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One world that Evans recently dipped into was that of Michael Sheen's directing debut, the three-part BBC One drama The Way, which debuted earlier in 2024. He had only a minor role – "in and out", as he puts it – but he found it an intriguing project to be a part of, and was impressed by his countryman's directing chops.

"It is a very, very interesting subject matter," he says of the series, which saw him play a mercenary known as 'The Welsh Catcher'. "I mean, a lot of people that have watched it have thought how scarily real it is, how something could escalate in the wrong hands being manipulated by the media, or the government, or whatever it is.

"Michael Sheen has directed something very interesting, very unusual, and triggering in a way, and thought-provoking. All those wonderful things. He started conversations. And I think that's what real storytelling is about, I think there's stories that make people question and doubt and imagine."

As for what's next, Evans teases that later in 2024 he'll be starring in an adaptation of "a very well known book" that hasn't yet been announced, while he has the lead role in an action flick produced by Luc Besson that should be arriving at some point before the year is out.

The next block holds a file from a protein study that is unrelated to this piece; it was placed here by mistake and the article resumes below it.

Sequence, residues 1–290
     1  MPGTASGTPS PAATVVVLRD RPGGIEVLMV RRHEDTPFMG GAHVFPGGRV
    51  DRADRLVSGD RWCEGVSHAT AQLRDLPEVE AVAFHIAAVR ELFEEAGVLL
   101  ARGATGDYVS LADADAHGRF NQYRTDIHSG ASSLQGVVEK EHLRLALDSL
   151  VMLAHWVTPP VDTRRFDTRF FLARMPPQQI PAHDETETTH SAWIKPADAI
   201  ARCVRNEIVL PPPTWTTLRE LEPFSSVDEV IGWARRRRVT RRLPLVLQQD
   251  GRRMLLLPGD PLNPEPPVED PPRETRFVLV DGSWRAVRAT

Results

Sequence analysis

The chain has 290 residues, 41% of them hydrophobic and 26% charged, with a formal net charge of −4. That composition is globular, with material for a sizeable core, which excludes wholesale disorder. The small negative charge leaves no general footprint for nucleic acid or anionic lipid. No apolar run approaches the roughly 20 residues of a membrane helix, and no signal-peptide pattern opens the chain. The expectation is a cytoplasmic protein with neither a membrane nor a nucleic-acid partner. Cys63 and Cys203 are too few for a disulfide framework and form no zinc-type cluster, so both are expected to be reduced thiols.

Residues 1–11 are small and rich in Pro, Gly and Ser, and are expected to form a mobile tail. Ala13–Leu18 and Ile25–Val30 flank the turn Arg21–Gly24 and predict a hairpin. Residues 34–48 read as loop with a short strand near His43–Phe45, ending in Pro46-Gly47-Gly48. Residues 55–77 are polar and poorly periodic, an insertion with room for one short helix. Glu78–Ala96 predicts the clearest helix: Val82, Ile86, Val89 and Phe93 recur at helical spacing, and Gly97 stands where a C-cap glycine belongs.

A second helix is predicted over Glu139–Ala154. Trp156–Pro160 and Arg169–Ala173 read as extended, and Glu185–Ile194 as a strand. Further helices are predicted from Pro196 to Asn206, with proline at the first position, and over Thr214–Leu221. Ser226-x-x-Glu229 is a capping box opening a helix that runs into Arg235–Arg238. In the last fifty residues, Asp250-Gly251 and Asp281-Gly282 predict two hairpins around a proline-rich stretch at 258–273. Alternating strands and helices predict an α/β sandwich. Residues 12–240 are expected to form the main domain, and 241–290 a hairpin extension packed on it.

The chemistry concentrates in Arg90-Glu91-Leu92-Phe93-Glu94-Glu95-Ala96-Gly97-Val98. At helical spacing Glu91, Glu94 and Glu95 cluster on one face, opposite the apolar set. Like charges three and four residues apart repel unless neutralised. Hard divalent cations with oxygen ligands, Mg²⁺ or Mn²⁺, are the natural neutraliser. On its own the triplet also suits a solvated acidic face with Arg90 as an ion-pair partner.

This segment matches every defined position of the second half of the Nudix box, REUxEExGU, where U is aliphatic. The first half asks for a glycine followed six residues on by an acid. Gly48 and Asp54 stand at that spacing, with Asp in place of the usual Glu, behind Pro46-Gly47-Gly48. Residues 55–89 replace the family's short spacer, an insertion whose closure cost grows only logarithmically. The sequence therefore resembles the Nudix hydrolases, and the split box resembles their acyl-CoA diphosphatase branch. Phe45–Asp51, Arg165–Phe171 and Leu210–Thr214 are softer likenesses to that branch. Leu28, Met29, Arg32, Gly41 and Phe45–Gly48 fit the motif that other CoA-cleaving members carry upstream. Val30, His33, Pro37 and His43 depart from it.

Meanwhile, he's also working on producing and developing projects with his own production company, an experience he says has been "really fulfilling and satisfying creatively".

Luke Evans as Gaston and Josh Gad as LeFou in Beauty and the Beast. They are standing head to head in as onlookers watch on in the background
Luke Evans as Gaston and Josh Gad as LeFou in Beauty and the Beast. Disney

But one project that sadly won't be going ahead is a prequel series to Disney's live-action Beauty and the Beast film from 2017, in which Evans played the villainous Gaston.

The show – which was set to see him reprise his role alongside Josh Gad's LeFou – had been announced as a Disney Plus original, but Evans has now confirmed reports that it won't be happening after all.

"Unfortunately, it fell apart," he says. "We were very, very close to shooting. There was a lot of love for it. But at the moment, I don't think it's gonna go. It's a shame because we were very excited about it, but I can't say much else about it!"

However, one past role that Evans could yet return to is another antagonist: his Fast & Furious character Owen Shaw.

Owen – the brother of Jason Statham's Deckard Shaw – first appeared in the sixth instalment of the ongoing saga, and has gone on to have smaller roles in two subsequent films.

And with the franchise's final film looming, Evans isn't ruling out another appearance.

"That world... they get bigger and bigger and crazier and crazier, and the more bad guys they bring in the less chance that Owen comes back," he says.

"But the Shaw family is still there. And obviously, [there's] Jason as Owen's brother and Helen Mirren as his mother – so the family really has probably the longest legacy of a bad guy family in the franchise."

He adds: "I'd go back if they invite me, I think it's very fun. It would be very fun to reprise the role. Although, he's now got all these scars on his face. So it'll be hours in prosthetics. I'm not entirely sure I want to do that!"

Our Son is now available to download on digital platforms. Check out more of our Film coverage or visit our TV Guide and Streaming Guide to find out what's on.